Oil price impact on subsidy rationalisation


"The government could modify the pace and the way at which it rationalises the subsidies," said Universiti Tunku Abdul Rahman economics professor Wong.

PETALING JAYA: Should Brent crude oil prices reach US$100 per barrel, the government could opt to implement the planned petrol and diesel subsidy rationalisation initiative on a more staggered basis, says Universiti Tunku Abdul Rahman economics professor Wong Chin Yoong.

The Iran-Israel conflict that erupted last weekend continues to pose uncertainties on the oil price front. Global focus is now on Israel’s reaction to the conflict in the days and weeks ahead, as it will likely further influence market dynamics.

Brent crude oil is currently trading at around US$90 per barrel.

Wong said it is unlikely for Brent crude oil prices to climb back to its high of US$139 per barrel in 2022, which occurred due to the Russia-Ukraine war and low global crude oil inventories.

“If oil prices reach US$130 per barrel or above, then there is the likelihood of deferring the subsidy rationalisation programme.

“However, right now Brent crude oil pricing is expected to remain within the range of US$90 to US$100 per barrel even if things were to escalate.

“In carrying out the planned reform, the government can consider implementing gradual increases in petrol prices for RON 95 through a phased approach, from RM2.05 per litre now to RM2.10, for example, and then raise it to RM2.20 three months later and so forth.

“In essence, the government could modify the pace and the way at which it rationalises the subsidies. This gradual adjustment helps mitigate the impact on the people, allowing them to adapt to the reform,” he told StarBiz.

Moreover, Wong said other than carrying out the reform on a staggered basis, the government also needs to be transparent in the schedule of implementation so that businesses and households can plan ahead.

“Redirecting fuel subsidy savings fully into cash assistance for affected families rather than retaining them would also minimise the adverse impact of the reform, making it more viable and friendly to society,” he said.

The rollout of the RON95 fuel subsidy programme is targeted to commence from the second half of 2024. It was reported that more than RM50bil is spent by the government on fuel and gas subsidies and a free float of fuel prices may save the government RM29bil.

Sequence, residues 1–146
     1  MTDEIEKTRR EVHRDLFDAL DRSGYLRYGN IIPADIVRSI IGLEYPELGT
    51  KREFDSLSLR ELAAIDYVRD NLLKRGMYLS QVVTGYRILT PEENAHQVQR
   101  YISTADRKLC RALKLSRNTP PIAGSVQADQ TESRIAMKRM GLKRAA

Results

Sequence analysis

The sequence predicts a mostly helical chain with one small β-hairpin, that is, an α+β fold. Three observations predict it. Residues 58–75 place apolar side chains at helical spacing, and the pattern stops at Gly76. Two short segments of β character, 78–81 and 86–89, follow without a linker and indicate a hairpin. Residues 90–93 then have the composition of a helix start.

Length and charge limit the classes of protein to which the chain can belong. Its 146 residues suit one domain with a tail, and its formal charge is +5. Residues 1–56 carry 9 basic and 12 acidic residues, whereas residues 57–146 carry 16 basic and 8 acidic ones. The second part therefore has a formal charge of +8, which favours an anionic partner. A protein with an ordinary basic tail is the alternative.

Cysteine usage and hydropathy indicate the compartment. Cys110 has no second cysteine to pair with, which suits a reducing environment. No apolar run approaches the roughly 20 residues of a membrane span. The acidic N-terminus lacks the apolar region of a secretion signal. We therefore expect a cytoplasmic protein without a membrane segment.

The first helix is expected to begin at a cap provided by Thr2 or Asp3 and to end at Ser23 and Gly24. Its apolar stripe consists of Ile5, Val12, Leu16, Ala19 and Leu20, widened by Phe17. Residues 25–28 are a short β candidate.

Meanwhile, OCBC senior Asean economist Lavanya Venkateswaran said higher oil prices should motivate the authorities to push ahead with the fuel subsidy rationalisation to limit increases to the subsidy bill and risk missing the annual fiscal deficit target of 4.3% of gross domestic product.

“That said, the reduction in subsidies is unlikely to be abrupt with the authorities focused on managing inflation expectations,” she said.

Centre for Market Education chief executive officer Carmelo Ferlito said it is important for the government to be both resolute and gradual in its implementation of the subsidy rationalisation programme.

He noted it is important for the government to remain firm and send out a clear message to the public that there is no U-turn on its decision to carry out the reform, so that the economy can “fight” to adjust to the new situation after decades of reliance on blanket subsidies.

“I think that we are still very much in the dark with regards to how the government is going to implement targeted subsidies.

“Therefore, I believe that we need to test the system – which will by nature, be imperfect – and to fine-tune it along the way.

“This is why it is important to start with small-scale experiments,” Ferlito said.

He opined that it would be difficult to carry out the subsidy rationalisation programme on a staggered basis. Instead, the government can consider experimenting with low-impact products, first.

“For example, the government can implement the subsidy reform on diesel first, rather than petrol. There are fewer users of diesel and having a smaller amount of customers involved will allow for a better study of the mechanism and its testing.

“Starting with something that affects the generality of the public is too risky, especially in light of the fact that it is not yet clear how the subsidy rationalisation is going to be carried out.

“The final aim should be that prices are determined solely and exclusively by the interaction of supply and demand,” he said.

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